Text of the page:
Sun bathing is not a recent phenomenon, and the use of the sun for health
reasons dates back to prehistoric man who used sun and water for medication.
The Egyptians worshipped the life-giving power of the sun god Ra, the
ancient Greek physician Hypocrates specified the sun as a viable medical
remedy and even assessed the quality of life in ancient Greek cities
according to their favourable position toward the sun.
Romans utilised the benefits of the sun and incorporated it into their
bathing culture, many built solaria on top of their houses.
Clearly, sunbathing is not a recent invention or a passing trend.
Tanning is the skin's natural reaction to exposure to sunlight. Whilst
it can offer health benefits and a feeling of general well being, it
is sensible to exercise caution.
The use of tanning equipment enables us to bask in comfortable warmth
and get a tan, regardless of the season.
Why get a tan?
Getting a tan is no more than the skin's way of protecting you against
the rays from the sun. A recent survey conducted on behalf of the Sunbed
Association showed that there is a strong interest in tanning with around
51% of respondents indicating that they had previously and intended
in the future to get a tan.
Research in Germany found that a vast majority of people found tanning
to be very pleasant and relaxing. Approximately 75% of respondents stated
that they experienced a sense of improved well-being after sunbathing.
There is a well known seasonal disorder, seasonal affective disorder
(SAD), in which sufferers experience mood changes in the dark winter
months. It is very possible that the use of a sunbed can help reduce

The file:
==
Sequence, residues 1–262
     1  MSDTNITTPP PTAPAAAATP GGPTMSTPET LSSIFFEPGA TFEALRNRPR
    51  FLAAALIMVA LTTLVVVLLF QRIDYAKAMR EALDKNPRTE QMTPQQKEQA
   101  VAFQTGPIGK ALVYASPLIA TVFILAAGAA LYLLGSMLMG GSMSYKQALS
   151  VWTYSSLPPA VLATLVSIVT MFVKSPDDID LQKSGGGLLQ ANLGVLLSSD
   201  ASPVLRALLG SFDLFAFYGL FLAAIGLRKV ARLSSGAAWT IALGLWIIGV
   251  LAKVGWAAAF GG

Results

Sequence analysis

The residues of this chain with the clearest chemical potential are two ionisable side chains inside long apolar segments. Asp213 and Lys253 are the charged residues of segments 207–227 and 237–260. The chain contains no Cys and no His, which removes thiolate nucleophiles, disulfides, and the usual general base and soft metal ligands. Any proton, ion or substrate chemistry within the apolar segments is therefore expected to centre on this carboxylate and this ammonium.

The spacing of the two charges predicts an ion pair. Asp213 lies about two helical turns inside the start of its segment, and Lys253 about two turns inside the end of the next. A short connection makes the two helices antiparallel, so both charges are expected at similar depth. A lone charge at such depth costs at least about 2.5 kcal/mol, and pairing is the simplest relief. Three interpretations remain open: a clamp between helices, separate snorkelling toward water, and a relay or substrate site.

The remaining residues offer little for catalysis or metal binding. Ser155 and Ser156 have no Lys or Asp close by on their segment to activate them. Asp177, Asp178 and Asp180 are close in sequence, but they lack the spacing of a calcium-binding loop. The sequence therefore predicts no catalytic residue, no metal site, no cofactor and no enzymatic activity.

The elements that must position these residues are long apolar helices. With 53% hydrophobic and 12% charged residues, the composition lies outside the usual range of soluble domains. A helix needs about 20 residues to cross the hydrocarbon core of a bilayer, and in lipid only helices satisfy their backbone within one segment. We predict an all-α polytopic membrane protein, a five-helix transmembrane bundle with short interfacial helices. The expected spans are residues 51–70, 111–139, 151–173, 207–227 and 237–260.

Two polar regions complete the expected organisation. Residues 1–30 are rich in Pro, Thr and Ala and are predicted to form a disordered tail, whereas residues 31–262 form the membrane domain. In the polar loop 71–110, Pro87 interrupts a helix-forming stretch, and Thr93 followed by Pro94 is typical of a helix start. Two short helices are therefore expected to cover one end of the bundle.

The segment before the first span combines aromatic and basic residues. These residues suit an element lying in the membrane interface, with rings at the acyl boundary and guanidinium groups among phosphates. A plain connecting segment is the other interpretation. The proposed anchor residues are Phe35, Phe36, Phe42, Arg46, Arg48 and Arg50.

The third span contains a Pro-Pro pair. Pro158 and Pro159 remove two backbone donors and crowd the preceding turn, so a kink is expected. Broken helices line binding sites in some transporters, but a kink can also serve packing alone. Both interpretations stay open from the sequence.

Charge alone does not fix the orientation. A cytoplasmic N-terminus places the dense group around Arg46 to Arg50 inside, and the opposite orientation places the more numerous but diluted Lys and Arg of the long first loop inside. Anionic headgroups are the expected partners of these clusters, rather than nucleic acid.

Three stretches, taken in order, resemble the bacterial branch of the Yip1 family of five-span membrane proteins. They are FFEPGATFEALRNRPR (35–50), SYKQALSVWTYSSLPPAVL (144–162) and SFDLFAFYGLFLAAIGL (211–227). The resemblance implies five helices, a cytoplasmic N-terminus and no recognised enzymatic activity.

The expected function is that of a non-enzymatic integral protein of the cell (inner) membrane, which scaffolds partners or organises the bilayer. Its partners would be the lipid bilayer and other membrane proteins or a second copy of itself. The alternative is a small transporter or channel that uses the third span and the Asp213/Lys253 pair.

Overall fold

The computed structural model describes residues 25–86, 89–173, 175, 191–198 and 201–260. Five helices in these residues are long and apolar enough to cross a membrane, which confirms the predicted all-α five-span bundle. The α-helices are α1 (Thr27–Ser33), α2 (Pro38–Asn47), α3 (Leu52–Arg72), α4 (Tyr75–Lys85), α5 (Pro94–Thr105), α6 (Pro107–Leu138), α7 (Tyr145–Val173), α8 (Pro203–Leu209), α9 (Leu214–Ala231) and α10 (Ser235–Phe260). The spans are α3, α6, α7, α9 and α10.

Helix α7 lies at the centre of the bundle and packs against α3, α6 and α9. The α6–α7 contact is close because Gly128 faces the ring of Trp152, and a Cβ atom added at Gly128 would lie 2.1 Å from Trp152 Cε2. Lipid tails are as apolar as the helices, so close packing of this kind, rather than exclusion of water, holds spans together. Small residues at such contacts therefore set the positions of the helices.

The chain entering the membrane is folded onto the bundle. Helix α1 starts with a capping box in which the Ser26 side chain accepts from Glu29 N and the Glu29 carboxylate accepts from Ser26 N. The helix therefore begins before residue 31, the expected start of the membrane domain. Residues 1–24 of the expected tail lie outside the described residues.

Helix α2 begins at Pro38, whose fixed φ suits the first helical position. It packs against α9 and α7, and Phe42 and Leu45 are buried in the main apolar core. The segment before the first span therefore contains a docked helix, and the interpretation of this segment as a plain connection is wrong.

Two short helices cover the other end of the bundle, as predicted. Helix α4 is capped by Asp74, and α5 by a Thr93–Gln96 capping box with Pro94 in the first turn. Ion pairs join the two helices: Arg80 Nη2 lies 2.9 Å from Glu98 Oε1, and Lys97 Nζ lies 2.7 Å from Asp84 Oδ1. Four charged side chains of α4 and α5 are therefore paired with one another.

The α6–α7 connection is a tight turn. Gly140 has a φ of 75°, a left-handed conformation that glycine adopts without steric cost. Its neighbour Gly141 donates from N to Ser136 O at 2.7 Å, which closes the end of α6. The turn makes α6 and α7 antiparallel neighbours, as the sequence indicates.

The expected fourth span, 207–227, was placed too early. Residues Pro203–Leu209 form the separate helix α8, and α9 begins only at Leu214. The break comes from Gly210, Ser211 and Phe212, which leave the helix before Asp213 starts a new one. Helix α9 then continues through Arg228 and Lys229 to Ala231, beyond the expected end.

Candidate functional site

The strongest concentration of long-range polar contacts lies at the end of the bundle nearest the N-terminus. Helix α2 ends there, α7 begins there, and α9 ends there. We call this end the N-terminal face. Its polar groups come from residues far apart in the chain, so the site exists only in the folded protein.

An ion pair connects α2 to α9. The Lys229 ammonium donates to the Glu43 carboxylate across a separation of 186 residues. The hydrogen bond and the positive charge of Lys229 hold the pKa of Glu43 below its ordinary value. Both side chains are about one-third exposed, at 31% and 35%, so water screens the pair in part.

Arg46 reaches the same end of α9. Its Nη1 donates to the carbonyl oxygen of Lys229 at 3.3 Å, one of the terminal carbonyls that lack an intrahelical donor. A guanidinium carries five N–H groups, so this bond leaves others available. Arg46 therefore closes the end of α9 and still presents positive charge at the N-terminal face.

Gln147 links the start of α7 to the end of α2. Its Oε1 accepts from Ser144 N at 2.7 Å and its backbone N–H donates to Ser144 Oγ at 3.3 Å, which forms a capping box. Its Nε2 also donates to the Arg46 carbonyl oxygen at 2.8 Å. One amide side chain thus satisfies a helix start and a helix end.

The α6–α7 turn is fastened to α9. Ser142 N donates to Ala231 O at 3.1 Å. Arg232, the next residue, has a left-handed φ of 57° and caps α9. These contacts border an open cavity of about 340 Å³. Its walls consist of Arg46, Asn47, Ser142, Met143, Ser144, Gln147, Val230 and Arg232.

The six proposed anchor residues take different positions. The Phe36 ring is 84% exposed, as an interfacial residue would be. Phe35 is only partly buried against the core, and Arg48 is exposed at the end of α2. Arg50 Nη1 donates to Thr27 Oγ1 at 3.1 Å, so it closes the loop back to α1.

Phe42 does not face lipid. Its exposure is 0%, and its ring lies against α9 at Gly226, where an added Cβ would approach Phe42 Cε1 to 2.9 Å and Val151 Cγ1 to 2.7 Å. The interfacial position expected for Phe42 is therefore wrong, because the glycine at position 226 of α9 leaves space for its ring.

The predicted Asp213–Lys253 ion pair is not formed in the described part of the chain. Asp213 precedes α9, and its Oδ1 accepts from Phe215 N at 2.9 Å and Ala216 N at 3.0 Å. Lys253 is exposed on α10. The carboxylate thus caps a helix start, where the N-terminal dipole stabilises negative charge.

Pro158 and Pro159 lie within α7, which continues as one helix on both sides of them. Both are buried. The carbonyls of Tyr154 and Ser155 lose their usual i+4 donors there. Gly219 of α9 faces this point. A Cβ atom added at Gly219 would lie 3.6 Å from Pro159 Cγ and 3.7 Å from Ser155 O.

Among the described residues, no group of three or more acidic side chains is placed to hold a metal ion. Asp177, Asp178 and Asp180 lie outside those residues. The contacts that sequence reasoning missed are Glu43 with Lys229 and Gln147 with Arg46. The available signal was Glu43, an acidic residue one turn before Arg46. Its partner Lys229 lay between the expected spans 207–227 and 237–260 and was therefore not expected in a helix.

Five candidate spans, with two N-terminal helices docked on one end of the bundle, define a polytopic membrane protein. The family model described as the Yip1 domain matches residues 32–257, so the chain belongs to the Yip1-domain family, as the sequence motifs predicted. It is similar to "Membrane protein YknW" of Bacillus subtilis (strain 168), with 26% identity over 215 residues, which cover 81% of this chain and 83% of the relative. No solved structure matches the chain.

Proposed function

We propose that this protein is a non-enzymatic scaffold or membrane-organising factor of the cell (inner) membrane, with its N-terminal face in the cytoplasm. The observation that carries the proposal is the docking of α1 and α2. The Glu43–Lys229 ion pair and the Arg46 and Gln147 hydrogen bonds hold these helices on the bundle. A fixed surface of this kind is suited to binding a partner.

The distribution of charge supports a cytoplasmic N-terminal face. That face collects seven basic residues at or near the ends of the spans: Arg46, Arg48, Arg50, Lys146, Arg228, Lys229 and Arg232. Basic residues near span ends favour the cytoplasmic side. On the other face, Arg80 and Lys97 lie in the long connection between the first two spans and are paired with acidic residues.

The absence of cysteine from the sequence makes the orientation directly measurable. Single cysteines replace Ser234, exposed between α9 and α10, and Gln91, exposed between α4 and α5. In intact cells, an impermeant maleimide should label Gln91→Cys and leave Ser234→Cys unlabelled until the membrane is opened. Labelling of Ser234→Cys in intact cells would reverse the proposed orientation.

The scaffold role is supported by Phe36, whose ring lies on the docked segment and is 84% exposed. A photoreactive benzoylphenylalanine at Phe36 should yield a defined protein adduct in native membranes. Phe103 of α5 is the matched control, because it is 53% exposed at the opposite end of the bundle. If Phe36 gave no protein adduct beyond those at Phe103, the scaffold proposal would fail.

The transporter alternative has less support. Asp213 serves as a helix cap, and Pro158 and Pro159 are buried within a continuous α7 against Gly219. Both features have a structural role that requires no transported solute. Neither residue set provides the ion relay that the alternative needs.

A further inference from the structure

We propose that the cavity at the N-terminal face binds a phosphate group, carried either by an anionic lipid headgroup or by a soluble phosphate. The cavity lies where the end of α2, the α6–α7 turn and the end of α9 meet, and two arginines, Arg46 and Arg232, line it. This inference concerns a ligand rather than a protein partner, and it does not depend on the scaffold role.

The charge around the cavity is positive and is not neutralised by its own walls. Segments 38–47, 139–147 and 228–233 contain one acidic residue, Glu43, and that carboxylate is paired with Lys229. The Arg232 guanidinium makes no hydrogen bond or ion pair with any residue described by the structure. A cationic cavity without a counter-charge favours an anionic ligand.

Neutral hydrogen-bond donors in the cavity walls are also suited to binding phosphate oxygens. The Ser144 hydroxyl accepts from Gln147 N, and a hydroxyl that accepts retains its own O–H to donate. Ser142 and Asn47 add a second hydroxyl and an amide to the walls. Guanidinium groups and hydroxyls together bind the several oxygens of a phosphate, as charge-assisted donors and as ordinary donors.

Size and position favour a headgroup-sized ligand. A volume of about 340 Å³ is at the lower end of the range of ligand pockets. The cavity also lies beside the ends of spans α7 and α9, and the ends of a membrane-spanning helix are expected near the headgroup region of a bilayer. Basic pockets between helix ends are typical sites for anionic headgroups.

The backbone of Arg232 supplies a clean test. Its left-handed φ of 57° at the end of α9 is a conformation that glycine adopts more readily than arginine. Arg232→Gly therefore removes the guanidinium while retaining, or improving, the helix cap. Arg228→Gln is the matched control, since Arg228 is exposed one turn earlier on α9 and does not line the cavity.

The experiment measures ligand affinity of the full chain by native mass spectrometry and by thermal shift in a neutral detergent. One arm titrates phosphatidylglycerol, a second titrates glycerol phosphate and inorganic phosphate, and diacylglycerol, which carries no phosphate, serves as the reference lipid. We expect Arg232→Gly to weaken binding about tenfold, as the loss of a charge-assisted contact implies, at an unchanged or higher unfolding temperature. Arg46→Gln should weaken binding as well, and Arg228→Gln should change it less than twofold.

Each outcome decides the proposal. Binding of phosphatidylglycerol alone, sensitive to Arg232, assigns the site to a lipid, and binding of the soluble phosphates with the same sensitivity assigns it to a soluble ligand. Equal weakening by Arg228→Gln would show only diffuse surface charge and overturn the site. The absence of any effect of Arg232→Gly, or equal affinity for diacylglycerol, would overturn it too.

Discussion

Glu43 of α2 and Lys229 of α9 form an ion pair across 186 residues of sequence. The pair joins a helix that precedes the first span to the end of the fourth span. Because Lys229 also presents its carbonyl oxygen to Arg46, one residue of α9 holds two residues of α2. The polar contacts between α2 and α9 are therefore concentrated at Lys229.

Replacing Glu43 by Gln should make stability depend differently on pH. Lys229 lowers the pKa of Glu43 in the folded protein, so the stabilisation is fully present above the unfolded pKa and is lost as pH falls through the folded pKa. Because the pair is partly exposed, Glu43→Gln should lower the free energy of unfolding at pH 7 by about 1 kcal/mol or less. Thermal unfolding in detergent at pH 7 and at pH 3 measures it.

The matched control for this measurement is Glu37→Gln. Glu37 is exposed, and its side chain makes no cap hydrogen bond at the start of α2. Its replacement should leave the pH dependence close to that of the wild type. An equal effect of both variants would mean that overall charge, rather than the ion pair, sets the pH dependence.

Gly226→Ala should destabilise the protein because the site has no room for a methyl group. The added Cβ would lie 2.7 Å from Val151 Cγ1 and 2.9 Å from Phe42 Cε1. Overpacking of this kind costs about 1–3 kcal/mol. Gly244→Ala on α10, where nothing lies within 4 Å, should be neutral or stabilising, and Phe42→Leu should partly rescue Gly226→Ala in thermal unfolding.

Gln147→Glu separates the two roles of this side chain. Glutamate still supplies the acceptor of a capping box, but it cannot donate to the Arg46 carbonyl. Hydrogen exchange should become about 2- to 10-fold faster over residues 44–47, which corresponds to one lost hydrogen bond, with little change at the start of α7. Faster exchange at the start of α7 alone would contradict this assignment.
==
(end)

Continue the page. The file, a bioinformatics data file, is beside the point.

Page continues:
this disorder through the production of melatonin.
More than half the group felt energized by the sun and two thirds believed
that the sun strengthened their own resistance to illness.
Artificial tanning at once places itself in a different league from
tanning under the natural sunlight, because the length of exposure time
and the specific proportions of the ultra violet are controlled and
are designed to both maximise tanning and to minimise any dangers of
Sunlight is essential to life. It is a natural phenomenon, which brings
blessings in many ways. It is the most important source of vitamin D3
in man and animals. As Vitamin D controls and regulates metabolism in
so many ways, it is placed in the category of hormones.
In addition to its well-known effects on bone metabolism, Vitamin D
also influences the immune system, the musculature, the glandular and
the nervous system and the epidermis. Solaria, using small proportions
of UVB, can be responsible for aiding production and regulation of vitamin
In the solarium, you have an environment in which you can relax and
enjoy the benefits of the sunshine all year round. Suntanning can make
people feel fitter, happier and healthier.
How the skin tans?
The skin contains special cells (melanocytes) capable of producing melanin
and releasing it as pigment. UVB radiation stimulates these melanocyte
cells to produce more pigment, which is then browned by the UVA rays
as the pigment rises to the skins surface. Your skin darkens when you
tan due to an increase in the production and the oxidization of a compound
called melanin. This helps to protect you from future UV over-exposure.
In this way, a suntan is in part 'protective', but this does not mean
that your skin cannot be hurt by over-exposure to the sun.
The difference between UVA +UVB
Ultraviolet radiation is made up from different components, including
UVA and UVB. The latter radiation variety, a more powerful tanner than
UVA, is known to cause sunburn. A small dose of UVB is essential to
induce the pigment forming cells to start producing melanin. UVB also
increases the thickening of the epidermis (skin). This thickening of
the outer skin, along with pigmentation, offers an excellent protection
against UV rays. UVB radiation is used in the prevention or treatment
of illnesses such as psoriasis, kidney diseases and rickets. The elderly
also suffer from Vitamin D deficiency but due to insufficient exposure